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For years, China’s best technology companies have opted for public listings abroad. Alibaba, Baidu and Tencent are among firms lured by the prestige and capital from marquee international offerings, delivering lucrative returns to foreign investors instead of back to the homeland market.
Now, Beijing is going all out to change that. Authorities are musing fresh policies to engineer a tech homecoming. The move is as much about sharing gains from their rapid growth as increasing control over its tech sector, analysts said .
Using the ongoing national parliamentary meetings as the backdrop, Beijing has been vocal about its plan. In his government work report delivered on March 5, Chinese Premier Li Keqiang said the country will “support leading innovative companies in going public.” Just a few days later, the Shanghai Stock Exchange issued a website notice, saying that authorities have visited promising tech startups one by one and pitched them options for China-based listings. And the China Securities Regulatory Commission(CSRC) has formed a special committee to facilitate fast-tracked domestic IPOs for unicorn startups, which are private companies with a valuation of at least $1 billion. According to consultancy CB Insights, China was home to 55 such startups as of last year, second only to the 106 from the U.S.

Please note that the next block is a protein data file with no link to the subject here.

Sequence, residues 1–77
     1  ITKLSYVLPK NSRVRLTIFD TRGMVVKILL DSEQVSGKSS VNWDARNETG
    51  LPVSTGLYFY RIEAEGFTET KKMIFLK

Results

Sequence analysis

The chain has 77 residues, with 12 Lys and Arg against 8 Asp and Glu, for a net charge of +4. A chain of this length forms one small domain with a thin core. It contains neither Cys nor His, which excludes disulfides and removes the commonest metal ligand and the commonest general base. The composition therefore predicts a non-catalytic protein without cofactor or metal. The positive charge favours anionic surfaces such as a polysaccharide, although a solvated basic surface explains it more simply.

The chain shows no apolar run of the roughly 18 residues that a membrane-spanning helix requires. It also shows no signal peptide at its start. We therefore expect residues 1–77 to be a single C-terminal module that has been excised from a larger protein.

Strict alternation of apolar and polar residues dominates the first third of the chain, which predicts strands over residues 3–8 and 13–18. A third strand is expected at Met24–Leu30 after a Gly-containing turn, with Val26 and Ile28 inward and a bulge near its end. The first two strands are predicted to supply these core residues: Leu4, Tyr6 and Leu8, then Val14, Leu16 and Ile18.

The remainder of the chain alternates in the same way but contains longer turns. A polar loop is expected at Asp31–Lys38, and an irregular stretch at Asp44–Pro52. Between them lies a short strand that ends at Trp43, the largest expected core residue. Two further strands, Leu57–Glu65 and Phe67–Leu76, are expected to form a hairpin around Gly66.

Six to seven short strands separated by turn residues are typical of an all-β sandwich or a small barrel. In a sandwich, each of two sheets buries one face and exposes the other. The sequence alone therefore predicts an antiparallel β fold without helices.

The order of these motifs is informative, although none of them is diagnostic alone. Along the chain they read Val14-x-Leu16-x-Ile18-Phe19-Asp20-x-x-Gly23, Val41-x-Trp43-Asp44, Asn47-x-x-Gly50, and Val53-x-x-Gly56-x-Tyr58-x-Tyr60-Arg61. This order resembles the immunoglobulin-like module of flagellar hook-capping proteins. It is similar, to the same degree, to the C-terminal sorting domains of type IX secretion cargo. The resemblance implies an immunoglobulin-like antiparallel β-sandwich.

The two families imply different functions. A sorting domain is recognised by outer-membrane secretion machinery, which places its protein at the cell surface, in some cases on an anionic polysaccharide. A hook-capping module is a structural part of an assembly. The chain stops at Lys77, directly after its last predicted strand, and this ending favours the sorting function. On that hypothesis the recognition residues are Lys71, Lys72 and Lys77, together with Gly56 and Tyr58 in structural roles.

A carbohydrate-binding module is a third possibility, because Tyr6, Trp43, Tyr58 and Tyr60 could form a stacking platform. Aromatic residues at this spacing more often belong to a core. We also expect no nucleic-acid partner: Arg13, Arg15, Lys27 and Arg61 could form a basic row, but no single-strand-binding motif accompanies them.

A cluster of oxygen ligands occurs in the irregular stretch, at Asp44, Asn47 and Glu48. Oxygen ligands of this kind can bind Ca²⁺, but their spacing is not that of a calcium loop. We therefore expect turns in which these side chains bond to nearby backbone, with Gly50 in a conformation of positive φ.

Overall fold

Multiple changes are being considered in the effort to boost homegrown IPOs. Chief among them is revising Chinese law to allow the dual-class share structure, a complex arrangement that gives more voting rights to company executives and is widely used by tech firms including Facebook, Google-parent Alphabet and China’s Alibaba, according to Oliver Rui, a professor of finance at the China Europe International Business School in Shanghai. Authorities are also mulling creating a new class of security called China Depositary Receipts (CDR), which is similar to American Depositary Receipts(ADR) in that it packages overseas equities to sell back home. This will allow U.S.-listed Chinese tech companies to trade their shares in mainland bourses, providing local investors a way to profit from their growth.